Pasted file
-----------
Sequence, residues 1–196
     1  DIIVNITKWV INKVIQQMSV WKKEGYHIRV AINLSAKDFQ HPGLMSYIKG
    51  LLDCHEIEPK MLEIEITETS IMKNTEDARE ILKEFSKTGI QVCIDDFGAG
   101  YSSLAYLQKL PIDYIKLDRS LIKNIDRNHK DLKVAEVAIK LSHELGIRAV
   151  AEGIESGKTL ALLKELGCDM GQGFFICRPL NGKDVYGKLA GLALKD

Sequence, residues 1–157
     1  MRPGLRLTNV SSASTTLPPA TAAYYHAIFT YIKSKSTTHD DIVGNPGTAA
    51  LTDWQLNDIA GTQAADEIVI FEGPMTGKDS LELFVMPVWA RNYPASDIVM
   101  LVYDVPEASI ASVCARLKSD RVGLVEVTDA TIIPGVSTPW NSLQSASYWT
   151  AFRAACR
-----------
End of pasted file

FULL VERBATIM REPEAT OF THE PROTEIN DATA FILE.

Sequence, residues 1–196
     1  DIIVNITKWV INKVIQQMSV WKKEGYHIRV AINLSAKDFQ HPGLMSYIKG
    51  LLDCHEIEPK MLEIEITETS IMKNTEDARE ILKEFSKTGI QVCIDDFGAG
   101  YSSLAYLQKL PIDYIKLDRS LIKNIDRNHK DLKVAEVAIK LSHELGIRAV
   151  AEGIESGKTL ALLKELGCDM GQGFFICRPL NGKDVYGKLA GLALKD

Sequence, residues 1–157
     1  MRPGLRLTNV SSASTTLPPA TAAYYHAIFT YIKSKSTTHD DIVGNPGTAA
    51  LTDWQLNDIA GTQAADEIVI FEGPMTGKDS LELFVMPVWA RNYPASDIVM
   101  LVYDVPEASI ASVCARLKSD RVGLVEVTDA TIIPGVSTPW NSLQSASYWT
   151  AFRAACR